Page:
The student news site of Marquette University

Marquette Wire

The student news site of Marquette University

Marquette Wire

The student news site of Marquette University

Marquette Wire

At Marquette, a Jesuit honor society is born

Since its inception at Marquette Uinversity over 90 years ago Alpha Sigma Nu has not only maintained its presence but also spread to every Jesuit school in the country.

It was founded in 1915 by the Rev. John Danihy, the first dean of Marquette's journalism program, when he found there was a need for an honor society for Catholic universities.

The primary honor society at the time, Phi Beta Kappa, only inducted members who were Arts & Sciences majors, and did not allow chapters at Catholic institutions. Danihy sought to establish an honor society that would focus on the ideals of Jesuit education, and allow members to be from any school within the university.

"This is the only honor society open to all students regardless of their major," said Chris Acker, current president of Marquette's Alpha Sigma Nu chapter and a senior in the College of Health Sciences.

Danihy also founded The Marquette Tribune, the Hilltop yearbook and Marquette's journalism honors society Phi Epsilon.

"He was quite a doer," said Kate Gaertner, executive director of Alpha Sigma Nu.

Danihy inducted 11 original members to the society under the name Alpha Sigma Tau. However, the name was changed to Alpha Sigma Nu in 1932 after the society discovered that another group had been using the name Alpha Sigma Tau for a longer period of time. Members were, and still are, expected to exemplify the ideals of scholarship, loyalty and service. They are expected to be among the best in their class academically, dedicated to the Jesuit ideals of education, and engaged in some type of service.

"The whole point is that Alpha Sigma Nu is about much more than just academics," said the Rev. Michael Morrison, faculty moderator of Marquette's Alpha Sigma Nu chapter. "What Jesuit education is all about is using your education in the service of other people."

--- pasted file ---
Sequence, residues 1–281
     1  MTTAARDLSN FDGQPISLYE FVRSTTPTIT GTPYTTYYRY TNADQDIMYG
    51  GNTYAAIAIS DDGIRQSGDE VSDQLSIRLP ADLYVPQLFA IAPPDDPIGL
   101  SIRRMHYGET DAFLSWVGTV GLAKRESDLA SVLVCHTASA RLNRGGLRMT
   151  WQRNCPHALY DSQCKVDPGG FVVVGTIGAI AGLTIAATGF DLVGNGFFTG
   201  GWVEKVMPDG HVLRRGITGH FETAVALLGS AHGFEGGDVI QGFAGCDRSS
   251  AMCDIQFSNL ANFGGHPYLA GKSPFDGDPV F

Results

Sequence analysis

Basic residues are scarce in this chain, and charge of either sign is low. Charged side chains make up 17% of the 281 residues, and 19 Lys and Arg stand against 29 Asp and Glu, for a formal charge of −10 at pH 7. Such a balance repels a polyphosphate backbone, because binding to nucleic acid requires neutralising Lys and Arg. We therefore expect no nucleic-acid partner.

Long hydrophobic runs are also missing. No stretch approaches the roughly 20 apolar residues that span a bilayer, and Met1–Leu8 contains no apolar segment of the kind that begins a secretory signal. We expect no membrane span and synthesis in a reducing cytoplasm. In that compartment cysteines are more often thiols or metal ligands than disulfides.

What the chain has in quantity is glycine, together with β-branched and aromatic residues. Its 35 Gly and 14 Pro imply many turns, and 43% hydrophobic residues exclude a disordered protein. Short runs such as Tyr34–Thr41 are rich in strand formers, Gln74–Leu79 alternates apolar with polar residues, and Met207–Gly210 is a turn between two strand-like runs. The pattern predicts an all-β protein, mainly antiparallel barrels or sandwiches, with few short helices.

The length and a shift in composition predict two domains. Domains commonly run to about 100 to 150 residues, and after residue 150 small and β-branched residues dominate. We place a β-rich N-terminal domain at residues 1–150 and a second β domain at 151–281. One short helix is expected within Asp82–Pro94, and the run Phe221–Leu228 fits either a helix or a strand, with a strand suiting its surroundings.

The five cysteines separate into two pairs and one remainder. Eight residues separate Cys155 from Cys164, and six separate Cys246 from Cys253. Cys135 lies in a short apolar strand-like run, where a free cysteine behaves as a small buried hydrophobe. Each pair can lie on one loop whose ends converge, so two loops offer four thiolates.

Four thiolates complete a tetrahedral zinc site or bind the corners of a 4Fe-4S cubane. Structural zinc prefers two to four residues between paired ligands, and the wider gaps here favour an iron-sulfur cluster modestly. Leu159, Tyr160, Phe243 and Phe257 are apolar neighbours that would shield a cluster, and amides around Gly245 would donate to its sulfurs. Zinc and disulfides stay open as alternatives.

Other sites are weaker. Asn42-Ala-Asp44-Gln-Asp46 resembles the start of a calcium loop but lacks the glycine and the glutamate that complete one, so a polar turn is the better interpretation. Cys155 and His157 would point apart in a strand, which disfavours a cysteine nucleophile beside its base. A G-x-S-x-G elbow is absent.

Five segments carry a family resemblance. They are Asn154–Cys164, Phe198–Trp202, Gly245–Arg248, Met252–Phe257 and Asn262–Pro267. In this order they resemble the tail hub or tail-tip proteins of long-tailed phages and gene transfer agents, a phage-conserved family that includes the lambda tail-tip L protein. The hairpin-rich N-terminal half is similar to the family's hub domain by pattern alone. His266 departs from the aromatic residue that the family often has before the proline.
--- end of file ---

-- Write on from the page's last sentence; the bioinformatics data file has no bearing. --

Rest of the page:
Originally, Alpha Sigma Nu was only open to men. In 1925, an honor society called Gamma Pi Epsilon was founded at Marquette for women at Jesuit schools. The two societies operated separately until 1973 when they merged under the name Alpha Sigma Nu.

Today, Alpha Sigma Nu has chapters at all 30 Jesuit colleges and universities in the United States, in addition to two in Canada and one in Korea.

The top 15 percent of each junior and senior class at each school is eligible for membership, but only the top four percent of those applicants from each class can be inducted. Eligible students are sent an application to submit that varies slightly from school to school.

"Usually students are asked to submit a resume of activities, some schools ask for an essay that connects their activities to the ideals of Jesuit education, and other schools require an interview as well," Gaertner said.

Today, in conjunction with the society's commitment to service, many chapters have ongoing service projects or programs. For example, Wheeling Jesuit University has a daily food pick-up that takes leftover food from campus cafeterias to local soup kitchens.

"Father Danihy felt that service would be focused on the home campus, but over the years our concept of service has broadened significantly," Gaertner said. "We don't mandate service, but we encourage it."

Overall, Alpha Sigma Nu is still seen as one of the most distinguished honor societies in existence.

"Being a member of Alpha Sigma Nu is the most prestigious honor a Jesuit school can give a student," Acker said.

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